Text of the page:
To illustrate the nature of quandary of meaning, I will return to the context that motivated my efforts to understand love.

In my years from eight to forty-four, the Golden Rule was my organizing moral principle. Love thy neighbor as thyself. At eight, it seemed a simple proposition. At twenty, I realized that the original Christian impulse was convulsed in a Gordian knot of contextual dependency (laugh out loud) that overwhelmed our capacity to apply successfully the stricture.

There is love in friendship, parental love, sibling love, romantic love, sexual love, platonic love, and patriotic love.

And in some circles there were categories of love that were categorically rejected. "Loving white males" was oxymoronic, in the post-Vietnam, drug-muffled anti-establishment polemics of my youth. The disenfranchised and disadvantaged, recognizing that their right to self-love had been abrogated, demanded privileges to compensate for that loss. Finally those forced to shoulder the burdens of the past eventually decided that they might just as well look after theirs and themselves, because otherwise nobody would.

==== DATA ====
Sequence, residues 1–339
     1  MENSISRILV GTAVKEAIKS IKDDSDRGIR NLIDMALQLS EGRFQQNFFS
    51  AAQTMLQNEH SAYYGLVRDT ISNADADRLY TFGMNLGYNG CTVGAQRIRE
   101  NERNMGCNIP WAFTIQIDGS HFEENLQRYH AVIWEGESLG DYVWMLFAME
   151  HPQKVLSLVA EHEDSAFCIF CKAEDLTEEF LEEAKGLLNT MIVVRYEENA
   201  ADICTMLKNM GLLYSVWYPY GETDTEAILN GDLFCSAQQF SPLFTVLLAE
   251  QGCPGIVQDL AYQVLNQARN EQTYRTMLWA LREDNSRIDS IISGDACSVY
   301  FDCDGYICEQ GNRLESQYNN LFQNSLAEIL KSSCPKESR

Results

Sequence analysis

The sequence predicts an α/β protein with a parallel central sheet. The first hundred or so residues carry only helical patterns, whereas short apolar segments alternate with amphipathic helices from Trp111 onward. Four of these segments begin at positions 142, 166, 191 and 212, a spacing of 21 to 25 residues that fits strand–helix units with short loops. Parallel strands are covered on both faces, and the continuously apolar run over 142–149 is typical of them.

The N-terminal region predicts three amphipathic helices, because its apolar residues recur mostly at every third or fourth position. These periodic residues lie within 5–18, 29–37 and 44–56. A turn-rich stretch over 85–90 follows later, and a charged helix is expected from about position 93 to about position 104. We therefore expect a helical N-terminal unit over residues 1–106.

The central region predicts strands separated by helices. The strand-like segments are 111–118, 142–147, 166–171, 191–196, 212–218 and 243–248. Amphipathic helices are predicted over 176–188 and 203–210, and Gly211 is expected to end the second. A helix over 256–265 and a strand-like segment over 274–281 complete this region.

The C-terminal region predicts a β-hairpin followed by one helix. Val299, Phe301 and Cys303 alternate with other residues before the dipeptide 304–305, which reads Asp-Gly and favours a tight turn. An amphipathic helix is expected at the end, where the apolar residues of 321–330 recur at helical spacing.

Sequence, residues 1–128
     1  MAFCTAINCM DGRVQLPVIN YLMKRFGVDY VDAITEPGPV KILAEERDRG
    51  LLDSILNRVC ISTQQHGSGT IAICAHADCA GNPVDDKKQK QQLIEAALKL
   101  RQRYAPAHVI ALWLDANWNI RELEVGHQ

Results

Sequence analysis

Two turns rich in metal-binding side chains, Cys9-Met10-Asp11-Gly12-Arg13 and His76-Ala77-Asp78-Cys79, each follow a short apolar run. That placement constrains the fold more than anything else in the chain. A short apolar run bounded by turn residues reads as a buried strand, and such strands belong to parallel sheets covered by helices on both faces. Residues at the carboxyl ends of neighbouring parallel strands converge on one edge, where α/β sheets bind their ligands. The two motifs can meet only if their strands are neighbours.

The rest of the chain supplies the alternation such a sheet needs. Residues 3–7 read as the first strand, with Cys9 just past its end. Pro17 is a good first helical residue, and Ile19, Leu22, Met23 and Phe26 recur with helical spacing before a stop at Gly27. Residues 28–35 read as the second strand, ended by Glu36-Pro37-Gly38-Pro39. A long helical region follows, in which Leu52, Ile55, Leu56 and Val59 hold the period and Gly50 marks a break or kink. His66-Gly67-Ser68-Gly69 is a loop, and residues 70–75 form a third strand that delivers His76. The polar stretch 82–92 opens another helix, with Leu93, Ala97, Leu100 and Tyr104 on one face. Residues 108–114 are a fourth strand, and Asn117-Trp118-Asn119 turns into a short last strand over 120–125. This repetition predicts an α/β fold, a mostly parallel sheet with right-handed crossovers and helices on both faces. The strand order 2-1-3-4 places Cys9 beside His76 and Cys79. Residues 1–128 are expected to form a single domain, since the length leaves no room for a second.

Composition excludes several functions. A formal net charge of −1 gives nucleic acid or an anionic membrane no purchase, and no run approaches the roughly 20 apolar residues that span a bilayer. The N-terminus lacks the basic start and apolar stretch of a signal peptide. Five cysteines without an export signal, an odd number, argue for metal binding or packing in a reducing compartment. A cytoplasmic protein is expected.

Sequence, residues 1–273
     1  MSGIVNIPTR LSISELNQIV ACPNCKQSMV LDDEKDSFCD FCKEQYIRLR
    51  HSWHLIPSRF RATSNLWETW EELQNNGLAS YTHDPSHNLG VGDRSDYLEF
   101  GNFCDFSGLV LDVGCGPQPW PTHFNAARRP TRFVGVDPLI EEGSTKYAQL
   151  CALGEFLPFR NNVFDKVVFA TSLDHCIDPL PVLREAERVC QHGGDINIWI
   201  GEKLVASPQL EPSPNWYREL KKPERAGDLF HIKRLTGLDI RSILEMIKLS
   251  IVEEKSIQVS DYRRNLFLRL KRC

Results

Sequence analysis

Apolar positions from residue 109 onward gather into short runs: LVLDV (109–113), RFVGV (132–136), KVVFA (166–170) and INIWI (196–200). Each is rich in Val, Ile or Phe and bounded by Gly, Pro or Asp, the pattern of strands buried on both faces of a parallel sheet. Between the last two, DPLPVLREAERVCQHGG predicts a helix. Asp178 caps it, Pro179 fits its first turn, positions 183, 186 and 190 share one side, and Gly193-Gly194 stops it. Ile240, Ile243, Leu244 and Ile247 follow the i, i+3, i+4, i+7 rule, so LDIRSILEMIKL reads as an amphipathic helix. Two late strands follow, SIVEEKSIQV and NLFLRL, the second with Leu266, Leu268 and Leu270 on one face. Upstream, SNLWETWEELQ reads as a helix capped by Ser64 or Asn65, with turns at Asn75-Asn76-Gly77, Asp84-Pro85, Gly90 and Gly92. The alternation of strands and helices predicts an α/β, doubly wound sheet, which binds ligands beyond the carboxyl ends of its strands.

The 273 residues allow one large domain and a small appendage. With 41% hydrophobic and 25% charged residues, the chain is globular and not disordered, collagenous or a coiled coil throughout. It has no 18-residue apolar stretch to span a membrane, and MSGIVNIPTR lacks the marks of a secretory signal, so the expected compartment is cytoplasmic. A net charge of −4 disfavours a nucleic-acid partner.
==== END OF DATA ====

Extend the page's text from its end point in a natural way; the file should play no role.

Of course, in each and every one of those contexts, the usage of "love" made sense. It justified actions that served some immediate local good. And yet, here I sit, in America in 2005, a nation hated, reviled, manipulated and despised. Not because our hearts are small, but because we can't muster our good intentions into action.